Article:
News National Bernardi ‘open’ to rejoining Liberals
Updated:

Bernardi ‘open’ to rejoining Liberals

cory bernardi
Cory Bernardi says he is open to the idea of rejoining the Liberals. Photo: AAP
Share
Twitter Facebook Reddit Pinterest Email

The controversial senator who once warned same sex-marriage would lead to polygamy and bestiality has left the door open to rejoining the Liberal Party after hailing Scott Morrison’s elevation as Prime Minister.

South Australian Senator Cory Bernardi has revealed he is ready to consider a return to the fold if the Prime Minister picks up the phone and asks him.

“I am open to having a conversation with the government about how best I can support their agenda but I’m not compromising myself,” he told Sky News.

The Prime Minister is holidaying on an island in Fiji with his family after his historic election victory.

If Senator Bernardi ultimately rejoins the Liberal Party he will strengthen Mr Morrison’s position in the Senate from 35 to 36 votes – just three votes short of a majority.

“I do want to see this government succeed so I’ll think about how best I can do that,” he said.

In practice, Senator Bernardi is already expected to vote with the Liberals on key legislation, but it would formalise the arrangement and force the Coalition to rely on Centre Alliance and Senator Jacqui Lambie to pass legislation, or Pauline Hanson and Centre Alliance.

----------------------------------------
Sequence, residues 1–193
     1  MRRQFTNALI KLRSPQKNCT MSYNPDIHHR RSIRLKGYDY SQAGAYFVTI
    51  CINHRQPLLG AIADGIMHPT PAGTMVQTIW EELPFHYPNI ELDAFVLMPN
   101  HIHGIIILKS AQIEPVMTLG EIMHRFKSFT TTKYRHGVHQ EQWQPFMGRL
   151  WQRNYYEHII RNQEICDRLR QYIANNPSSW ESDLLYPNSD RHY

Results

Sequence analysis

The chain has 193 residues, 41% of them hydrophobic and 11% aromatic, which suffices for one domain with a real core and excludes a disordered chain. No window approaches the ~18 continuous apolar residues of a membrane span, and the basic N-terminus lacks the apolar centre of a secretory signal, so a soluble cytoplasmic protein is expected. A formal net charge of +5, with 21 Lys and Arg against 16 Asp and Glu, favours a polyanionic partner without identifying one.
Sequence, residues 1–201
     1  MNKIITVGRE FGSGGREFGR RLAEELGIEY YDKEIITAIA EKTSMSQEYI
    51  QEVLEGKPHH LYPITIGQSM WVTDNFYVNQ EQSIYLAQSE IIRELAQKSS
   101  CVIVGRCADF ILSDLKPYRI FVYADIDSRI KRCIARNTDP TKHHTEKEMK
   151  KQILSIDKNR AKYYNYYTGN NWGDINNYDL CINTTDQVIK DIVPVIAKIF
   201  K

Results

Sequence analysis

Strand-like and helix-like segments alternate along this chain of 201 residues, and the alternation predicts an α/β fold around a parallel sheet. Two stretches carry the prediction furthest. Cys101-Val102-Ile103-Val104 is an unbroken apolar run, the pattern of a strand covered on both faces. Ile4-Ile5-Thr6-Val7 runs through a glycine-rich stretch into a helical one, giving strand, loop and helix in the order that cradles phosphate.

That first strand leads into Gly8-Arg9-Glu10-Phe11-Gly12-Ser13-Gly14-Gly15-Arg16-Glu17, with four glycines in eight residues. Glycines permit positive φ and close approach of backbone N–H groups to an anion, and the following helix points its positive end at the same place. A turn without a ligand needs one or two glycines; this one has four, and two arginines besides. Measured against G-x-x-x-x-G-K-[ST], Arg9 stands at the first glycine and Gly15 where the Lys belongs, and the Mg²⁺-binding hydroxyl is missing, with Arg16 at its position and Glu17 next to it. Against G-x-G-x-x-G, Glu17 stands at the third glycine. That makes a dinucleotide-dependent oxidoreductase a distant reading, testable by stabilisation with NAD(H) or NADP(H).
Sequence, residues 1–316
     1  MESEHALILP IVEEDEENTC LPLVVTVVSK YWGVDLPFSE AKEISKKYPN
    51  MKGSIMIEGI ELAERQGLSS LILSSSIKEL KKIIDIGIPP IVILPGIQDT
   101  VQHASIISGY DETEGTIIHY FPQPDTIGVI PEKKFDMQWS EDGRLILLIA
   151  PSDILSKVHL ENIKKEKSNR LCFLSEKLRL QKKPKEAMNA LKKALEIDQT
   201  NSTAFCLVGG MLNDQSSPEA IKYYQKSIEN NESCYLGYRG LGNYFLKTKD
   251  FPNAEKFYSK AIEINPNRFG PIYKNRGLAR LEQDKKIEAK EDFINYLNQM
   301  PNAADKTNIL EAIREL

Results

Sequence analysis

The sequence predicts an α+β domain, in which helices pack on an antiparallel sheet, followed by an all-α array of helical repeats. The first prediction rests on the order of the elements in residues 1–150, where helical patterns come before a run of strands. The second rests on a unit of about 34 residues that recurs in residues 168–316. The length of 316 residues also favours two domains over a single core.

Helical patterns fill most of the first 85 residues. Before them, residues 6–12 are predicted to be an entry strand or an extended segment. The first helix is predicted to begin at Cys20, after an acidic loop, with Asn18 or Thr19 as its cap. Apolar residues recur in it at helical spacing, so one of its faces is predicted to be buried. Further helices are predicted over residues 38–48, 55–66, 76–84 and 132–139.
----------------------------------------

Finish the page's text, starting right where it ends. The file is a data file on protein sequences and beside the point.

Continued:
By rejoining the Liberal Party at this stage in the electoral cycle, Senator Bernardi would never be forced to fight an election as an independent because he left the Liberal Party in 2017, just months into a six-year term that expires in 2022.

Senator Bernadi has previously rebuffed talk of returning to the Liberals but said his goal when he left was that his independence would become “redundant”.

“I do think Scott Morrison has claimed a lot of the territory that was very fertile for the Australian Conservatives. He’s a man of faith, he’s a relentless campaigner,” he said.

The South Australian said he was pleased that Mr Morrison’s leadership had seen many conservatives return to the fold compared with Malcolm Turnbull’s reign. The pair had a testy relationship.

In 2012, Senator Bernardi resigned from the Liberal front bench over a speech where he warned that permitting same-sex marriages would lead to legalised polygamy and bestiality.

“There are even some creepy people out there who say it is OK to have consensual sexual relations between humans and animals,” he said.

“Will that be a future step? In the future will we say ‘These two creatures love each other and maybe they should be able to be joined in a union?'”

Former Prime Minister Malcolm Turnbull said at the time the views were “hysterical.”

“They are hysterical, they’re not the views of the mainstream Australian society – let alone of the Liberal Party,” Mr Turnbull said.

Senator Bernadi entered politics in 2006 for the Liberal Party after a casual vacancy sparked by the resignation of former defence minister Robert Hill.

But he quit the Coalition to sit on the crossbench two years ago after clashes with Mr Turnbull and Tony Abbott.

The former financial adviser proved controversial from the start. In 2007, he rose to a junior position as parliamentary secretary for families and community services.

A devout Roman Catholic, he was a campaigner against abortion and questioned the ethics of granting human rights to great apes while ignoring the rights of the unborn child. In his maiden speech, he praised his mother for staying at home to raise him.

He later claimed to have identified a loophole in government legislation that allowed some women who aborted their pregnancies to claim a $5,000 “baby bonus” – a claim the government denied.